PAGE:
This paper will argue that Teresa’s dreams in The Unbearable Lightness of Being foreground the character’s suppressed fear of uniformization and her alternative representation of Tomas, as the Apollonian, reasoning masculine figure par excellence. This argument will be developed alongside the lines of the interpretation of dreams provided by Sigmund Freud and by Carl Gustav Jung.
In his Interpretation of Dreams, Sigmund Freud argued that dreams are manifestations of the unconscious and that their imagery is a combination of motifs drawn from reality and distortions operated by suppressed feelings like fear and sexuality residing in the subconscious: the strict seclusion or isolation of the dream from real, true life on the one hand, and on the other the continual encroachment of the one on the other, the constant dependence of the one on the other.
—The dream is something altogether separate from the reality we experience when awake; one might call it an existence hermetically closed within itself, cut off from real life by an unbridgeable chasm. It frees us from reality, extinguishes our normal recollection of it, and places us in another world and in a quite different life-story, which has fundamentally nothing to do with our real one (Hildebrandt, quoted in Freud, 1976). The notion that dreams bring to the fore an alternative life story is quite significant for our analysis of the presence of dreams in Kundera’s novel.
Teresa’s dreams represent a parallel life story in the novel, which compliments and explicates the character’s manifest life. As compared to Tomas, who strives for the obliteration of the differences between spirit and matter, Teresa recognizes the importance of individuality as translated by one’s awareness of the body. However, her relationship with her body is a problematic one because her mother had imposed a wholly different corporeal philosophy on her in her childhood.
The exposure of the naked body, devoid of any reticence or libido represents, in the eyes of adult Teresa, the uniformization of the self. It is also a mark of endless anonymous sexual intercourse which is epitomized in the novel by Tomas’ illicit love affairs. In one of her recurrent dreams, which she recounts to Tomas, the fear of corporeal aneantization, which she suppresses while awake, surfaces with a vengeance: I was at a large indoor swimming pool. There were about twenty of us. All women. We were naked and had to march around the pool.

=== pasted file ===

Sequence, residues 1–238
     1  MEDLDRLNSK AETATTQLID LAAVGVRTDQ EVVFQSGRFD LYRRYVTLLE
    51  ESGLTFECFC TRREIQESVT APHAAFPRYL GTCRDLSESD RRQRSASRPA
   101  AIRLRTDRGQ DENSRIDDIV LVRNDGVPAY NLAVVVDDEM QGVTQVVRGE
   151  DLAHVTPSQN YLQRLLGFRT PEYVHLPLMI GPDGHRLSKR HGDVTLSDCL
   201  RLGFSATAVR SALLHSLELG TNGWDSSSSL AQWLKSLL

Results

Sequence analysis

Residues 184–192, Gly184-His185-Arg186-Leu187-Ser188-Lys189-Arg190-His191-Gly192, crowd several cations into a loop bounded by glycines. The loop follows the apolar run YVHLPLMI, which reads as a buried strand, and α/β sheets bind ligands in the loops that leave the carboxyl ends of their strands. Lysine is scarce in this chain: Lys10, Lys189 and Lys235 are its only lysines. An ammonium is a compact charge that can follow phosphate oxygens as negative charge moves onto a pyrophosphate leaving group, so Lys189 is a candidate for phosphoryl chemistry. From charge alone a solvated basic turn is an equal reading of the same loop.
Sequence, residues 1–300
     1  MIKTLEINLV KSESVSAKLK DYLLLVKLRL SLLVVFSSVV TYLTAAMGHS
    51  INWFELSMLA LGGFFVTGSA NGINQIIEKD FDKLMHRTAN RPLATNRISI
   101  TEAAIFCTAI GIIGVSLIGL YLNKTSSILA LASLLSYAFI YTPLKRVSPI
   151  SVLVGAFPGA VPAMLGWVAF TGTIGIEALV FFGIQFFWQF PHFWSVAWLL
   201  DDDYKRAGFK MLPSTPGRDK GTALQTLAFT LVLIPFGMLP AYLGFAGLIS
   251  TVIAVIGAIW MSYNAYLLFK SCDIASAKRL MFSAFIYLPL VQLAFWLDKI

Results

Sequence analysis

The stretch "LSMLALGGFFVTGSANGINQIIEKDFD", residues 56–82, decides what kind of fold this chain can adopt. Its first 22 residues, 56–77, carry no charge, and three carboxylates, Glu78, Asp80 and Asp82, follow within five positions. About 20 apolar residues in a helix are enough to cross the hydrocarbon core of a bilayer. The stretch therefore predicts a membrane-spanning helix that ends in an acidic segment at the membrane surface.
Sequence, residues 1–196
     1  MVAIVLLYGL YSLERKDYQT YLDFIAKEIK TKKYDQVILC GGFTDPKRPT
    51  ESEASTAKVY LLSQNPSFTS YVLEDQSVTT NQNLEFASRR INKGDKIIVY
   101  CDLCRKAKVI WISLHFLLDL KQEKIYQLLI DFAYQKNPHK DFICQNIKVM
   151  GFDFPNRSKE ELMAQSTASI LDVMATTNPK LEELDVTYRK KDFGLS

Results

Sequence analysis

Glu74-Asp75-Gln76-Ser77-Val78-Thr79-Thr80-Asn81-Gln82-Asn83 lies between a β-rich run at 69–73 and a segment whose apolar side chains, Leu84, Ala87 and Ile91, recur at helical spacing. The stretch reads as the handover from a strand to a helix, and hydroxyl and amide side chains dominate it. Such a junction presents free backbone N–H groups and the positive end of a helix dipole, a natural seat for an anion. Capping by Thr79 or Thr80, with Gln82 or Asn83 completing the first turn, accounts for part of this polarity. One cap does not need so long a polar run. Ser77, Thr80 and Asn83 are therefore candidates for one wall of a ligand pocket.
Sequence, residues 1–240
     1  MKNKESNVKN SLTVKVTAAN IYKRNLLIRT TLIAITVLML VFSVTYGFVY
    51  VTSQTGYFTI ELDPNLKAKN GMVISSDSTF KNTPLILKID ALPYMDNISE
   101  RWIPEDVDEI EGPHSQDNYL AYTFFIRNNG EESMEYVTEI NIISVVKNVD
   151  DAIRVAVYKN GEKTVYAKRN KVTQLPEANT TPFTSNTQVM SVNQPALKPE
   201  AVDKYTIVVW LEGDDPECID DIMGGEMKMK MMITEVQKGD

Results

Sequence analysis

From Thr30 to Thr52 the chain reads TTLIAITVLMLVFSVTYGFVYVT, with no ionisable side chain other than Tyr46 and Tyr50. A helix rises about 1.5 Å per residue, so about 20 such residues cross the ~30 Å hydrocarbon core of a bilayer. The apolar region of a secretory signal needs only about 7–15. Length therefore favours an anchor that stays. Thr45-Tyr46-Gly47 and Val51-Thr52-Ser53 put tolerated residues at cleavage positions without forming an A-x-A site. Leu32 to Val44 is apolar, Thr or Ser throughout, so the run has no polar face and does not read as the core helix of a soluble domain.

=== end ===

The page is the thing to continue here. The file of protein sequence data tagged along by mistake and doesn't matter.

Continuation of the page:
There was a basket hanging from the ceiling and a man hanging in the basket. The man wore a broad-brimmed hat shading his face, but I could see it was you. You kept giving us orders. Shouting at us. We had to sing as we marched, sing and do knee bends. If one of us did a bad knee band, you would shoot her and she would fall dead into the pool. Which made everybody laugh and sing even louder. You never took your eyes off us, and the minute we did something wrong, you would shoot. The pool was full of corpses floating just below the surface.
And I knew I lacked the strength to do the next knee bend and you would shoot me! (Kundera, 1999, p. 18). Corporeal sameness signifies, as the narrator explains, the anonymity of sexuality and individuality which Teresa fears intensely. As in Freud’s interpretation, the fear of homogenisation translates the fear of death, which Teresa clearly expresses in this dream in contrast to the other women whose laughter and song seem to celebrate the approaching absolute sameness in death. The particular instantiation of Tomas, wearing a hat is highly significant too.
According to Jung, “the hat, as a covering for the head, has the general sense of something that epitomizes the head. […] a stranger’s hat imparts a strange personality” (p. 120). Tomas appears in this dream as a conductor and murderer because, on the one hand, because of his philandering in real life, he forces Teresa into the anonymity of sexual bodies and, on the other hand, his “strangeness” could signify his equation with absolutism. Teresa’s dream therefore draws a parallel between unrepressed sexuality and death, the bodies’ nakedness ambiguously alluding either to sexuality or to the death camps.
These dreams express Teresa’s fear of the obliteration of individuality (and ultimately, her fear of death) through Tomas’ infidelities which undermine her self-image as a wonderful accumulation of contingencies which she values so much. References: Freud, Sigmund. The Interpretation of Dreams. Penguin Books, 1976. Jung, Carl Gustav. Dreams. Routledge, 2001. Kundera, Milan. The Unbearable Lightness of Being. trans Michael Henry Heim, New York: Harper Collins, 1999. Porter, Laurence M. The Interpretation of Dreams: Freud’s Theories Revisited. Twayne Publishers, 1987.